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All over the world, there are different types of electrical wall outlets. A power adapter will let you plug your device into an electrical socket that is different from the type used in your home country. These international travel adapters do not convert electricity, they simply allow your device’s plug to fit into the foreign outlet.
Here are some of the more common types of electrical outlets:
Travel Smart by Conair offers a complete array of foreign power adapters in single and multiple configurations, some with USB ports and safeguards such as surge protection. Currently, there are 15 different types of electrical outlets in use around the world today, each identified by a letter of the alphabet, A through O.
1.1.1 Voltage Converters and Transformers
The world runs on two different types of electricity or voltage ratings: 110/125V or 220/240V. The U.S. and Canada run on 110/125V Most of the other countries around the world use 220/240V. A travel converter or travel transformer changes the voltage coming out of the wall outlet to match the voltage of your appliance.
Travel converters and transformers increase or decrease the voltage that reaches your device making it safe to use your electronics and personal-care appliances abroad. If it’s too much, your equipment may overheat and burn out. If it’s too little, you won’t get the performance you expect and it might cause damage to the motor, fan or heating unit.
2.1.1 How to Know if You Need a Travel Converter or Travel Transformer
Look for a label on your appliance that identifies the INPUT voltage (V) that it requires. It could be on the back of the device, on the AC power box at the end of the power cord, or molded into the plug in very small print. See if the INPUT voltage is single, dual or multi. You will only need a travel converter or travel transformer if your appliance is single voltage rated.
The Difference Between Travel Converters and Travel Transformers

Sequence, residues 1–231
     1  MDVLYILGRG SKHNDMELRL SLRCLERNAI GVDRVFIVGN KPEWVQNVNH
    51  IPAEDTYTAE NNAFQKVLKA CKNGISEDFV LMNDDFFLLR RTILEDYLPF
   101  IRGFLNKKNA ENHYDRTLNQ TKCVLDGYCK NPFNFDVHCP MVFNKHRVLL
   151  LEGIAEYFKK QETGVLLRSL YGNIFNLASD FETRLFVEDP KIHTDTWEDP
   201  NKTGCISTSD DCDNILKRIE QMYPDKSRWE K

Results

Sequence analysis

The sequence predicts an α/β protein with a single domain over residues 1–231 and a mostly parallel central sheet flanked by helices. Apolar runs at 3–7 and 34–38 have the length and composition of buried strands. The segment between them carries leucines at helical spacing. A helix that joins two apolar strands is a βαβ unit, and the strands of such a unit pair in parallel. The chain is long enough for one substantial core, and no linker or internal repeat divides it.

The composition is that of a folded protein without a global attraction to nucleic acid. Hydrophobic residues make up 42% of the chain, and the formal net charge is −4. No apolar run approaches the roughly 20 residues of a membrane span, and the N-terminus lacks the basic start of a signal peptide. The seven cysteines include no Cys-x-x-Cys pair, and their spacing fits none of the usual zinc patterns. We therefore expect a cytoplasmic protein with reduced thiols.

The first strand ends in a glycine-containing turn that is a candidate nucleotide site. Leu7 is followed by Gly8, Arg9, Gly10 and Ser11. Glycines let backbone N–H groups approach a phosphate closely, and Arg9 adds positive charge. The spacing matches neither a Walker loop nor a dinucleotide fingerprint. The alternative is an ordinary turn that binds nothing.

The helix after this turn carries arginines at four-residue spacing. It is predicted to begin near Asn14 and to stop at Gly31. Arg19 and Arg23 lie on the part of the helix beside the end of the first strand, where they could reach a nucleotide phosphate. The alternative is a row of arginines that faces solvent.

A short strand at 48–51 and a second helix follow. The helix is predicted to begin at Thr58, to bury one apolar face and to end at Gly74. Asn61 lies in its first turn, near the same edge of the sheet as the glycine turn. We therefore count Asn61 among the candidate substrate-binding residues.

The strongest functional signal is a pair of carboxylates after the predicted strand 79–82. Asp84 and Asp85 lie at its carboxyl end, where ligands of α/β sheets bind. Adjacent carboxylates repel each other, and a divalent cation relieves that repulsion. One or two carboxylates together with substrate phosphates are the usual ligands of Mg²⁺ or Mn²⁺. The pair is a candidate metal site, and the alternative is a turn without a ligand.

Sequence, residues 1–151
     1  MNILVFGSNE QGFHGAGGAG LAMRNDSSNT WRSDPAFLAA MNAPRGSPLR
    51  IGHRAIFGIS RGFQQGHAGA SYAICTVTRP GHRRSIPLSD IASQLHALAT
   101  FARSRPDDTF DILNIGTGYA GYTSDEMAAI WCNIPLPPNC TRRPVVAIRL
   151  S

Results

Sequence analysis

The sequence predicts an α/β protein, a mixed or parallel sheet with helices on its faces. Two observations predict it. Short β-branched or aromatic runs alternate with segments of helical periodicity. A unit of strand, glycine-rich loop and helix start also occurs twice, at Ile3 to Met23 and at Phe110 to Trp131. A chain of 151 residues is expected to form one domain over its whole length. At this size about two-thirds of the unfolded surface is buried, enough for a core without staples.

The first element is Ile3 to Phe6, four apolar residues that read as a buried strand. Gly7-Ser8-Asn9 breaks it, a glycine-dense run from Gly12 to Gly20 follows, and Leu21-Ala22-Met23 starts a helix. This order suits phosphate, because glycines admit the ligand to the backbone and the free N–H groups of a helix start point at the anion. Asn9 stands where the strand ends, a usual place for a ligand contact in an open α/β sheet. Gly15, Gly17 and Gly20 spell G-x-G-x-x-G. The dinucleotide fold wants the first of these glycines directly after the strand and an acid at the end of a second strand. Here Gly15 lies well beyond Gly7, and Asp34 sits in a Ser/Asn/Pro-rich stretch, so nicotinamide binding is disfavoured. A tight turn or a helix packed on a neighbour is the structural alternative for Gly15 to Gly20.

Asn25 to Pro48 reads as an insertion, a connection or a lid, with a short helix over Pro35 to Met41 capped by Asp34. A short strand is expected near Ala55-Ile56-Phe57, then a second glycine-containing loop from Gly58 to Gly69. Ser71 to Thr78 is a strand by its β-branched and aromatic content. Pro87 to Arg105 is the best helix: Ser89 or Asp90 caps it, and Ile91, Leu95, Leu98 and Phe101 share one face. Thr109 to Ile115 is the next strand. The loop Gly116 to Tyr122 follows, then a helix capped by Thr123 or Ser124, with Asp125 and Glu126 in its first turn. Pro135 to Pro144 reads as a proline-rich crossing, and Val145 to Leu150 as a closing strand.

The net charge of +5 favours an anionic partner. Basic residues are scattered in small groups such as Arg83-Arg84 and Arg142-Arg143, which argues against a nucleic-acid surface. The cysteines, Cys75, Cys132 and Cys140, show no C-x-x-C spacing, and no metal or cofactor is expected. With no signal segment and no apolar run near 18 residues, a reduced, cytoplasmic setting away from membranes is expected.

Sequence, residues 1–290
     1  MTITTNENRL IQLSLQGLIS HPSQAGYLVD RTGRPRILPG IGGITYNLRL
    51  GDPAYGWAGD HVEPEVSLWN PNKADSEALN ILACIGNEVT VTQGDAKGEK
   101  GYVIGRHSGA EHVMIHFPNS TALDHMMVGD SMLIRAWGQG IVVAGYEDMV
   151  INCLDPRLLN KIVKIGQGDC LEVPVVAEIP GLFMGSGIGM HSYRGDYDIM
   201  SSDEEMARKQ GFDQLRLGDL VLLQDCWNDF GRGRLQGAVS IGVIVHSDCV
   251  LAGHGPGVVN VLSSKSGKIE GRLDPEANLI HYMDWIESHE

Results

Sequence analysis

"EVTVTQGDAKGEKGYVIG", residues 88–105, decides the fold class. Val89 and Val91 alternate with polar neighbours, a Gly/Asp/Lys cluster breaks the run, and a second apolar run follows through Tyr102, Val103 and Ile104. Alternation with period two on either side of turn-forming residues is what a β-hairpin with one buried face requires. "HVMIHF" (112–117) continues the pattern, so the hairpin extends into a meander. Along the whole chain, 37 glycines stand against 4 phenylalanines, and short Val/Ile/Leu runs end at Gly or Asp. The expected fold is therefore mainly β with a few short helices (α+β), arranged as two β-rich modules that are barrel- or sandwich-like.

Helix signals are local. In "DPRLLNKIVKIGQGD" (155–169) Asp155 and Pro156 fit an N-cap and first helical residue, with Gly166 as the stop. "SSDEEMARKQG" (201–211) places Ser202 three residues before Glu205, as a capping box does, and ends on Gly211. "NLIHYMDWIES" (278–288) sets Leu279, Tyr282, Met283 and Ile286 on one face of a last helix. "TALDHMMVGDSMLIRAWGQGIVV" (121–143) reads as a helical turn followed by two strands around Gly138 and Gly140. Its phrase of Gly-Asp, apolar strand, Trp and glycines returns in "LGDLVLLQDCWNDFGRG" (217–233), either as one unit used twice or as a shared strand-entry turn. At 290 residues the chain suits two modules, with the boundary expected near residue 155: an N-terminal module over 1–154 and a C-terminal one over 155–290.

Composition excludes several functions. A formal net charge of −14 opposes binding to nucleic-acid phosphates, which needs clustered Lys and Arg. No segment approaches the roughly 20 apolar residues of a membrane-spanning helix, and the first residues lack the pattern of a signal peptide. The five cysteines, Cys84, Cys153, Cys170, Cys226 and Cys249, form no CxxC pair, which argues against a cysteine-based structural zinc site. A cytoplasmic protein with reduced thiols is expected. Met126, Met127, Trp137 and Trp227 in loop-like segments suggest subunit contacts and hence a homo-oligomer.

Travel converters are used with simple appliances that use heating elements and mechanical motors. They handle high power and should only be used for short periods of time, from 1 to 2 hours. Travel transformers work with “electronic” devices that have microchips and circuits. They operate using lower wattages and can be used for longer periods of time safely.
3.1.1 Check the Voltage Rating on Your Device
SINGLE VOLTAGE appliances come in two types. First are the older appliances, such as hair dryers and curling irons, with a very narrow voltage tolerance, such as 100-120V. (The dash indicates this voltage range.) These single voltage items use heating elements and mechanical motors requiring a travel converter. The second type are the more modern “electronic” devices that use chips, circuits and electronic motors. These single voltage devices require a travel transformer.
DUAL VOLTAGE devices such as newer model hair dryers, curling irons, electric razors and toothbrushes DO NOT require ether a converter or a transformer. (Look for the slash to indicate the two voltage ratings, such as 120V/240V.)
MULTI VOLTAGE devices include items such as laptop computers, cell phones, tablets, cameras and battery chargers. These DO NOT require either a converter or a transformer. The marking uses a dash to indicate the range of acceptable voltages, such as 100-240V.
4.1.1 Check the Power Rating
The amount of power that a device uses is measured in watts (W). Travel converters handle high watt appliances and travel transformers handle low watt devices.
BE SURE to check the specifications on your appliance to make certain that your converter can handle the watts your device needs. Small personal electronic devices use low watts ranging up to 25W or 50W. Items with heating elements such as hair dryers and coffee makers might require a high watt setting in the range of 1000W to 2000W.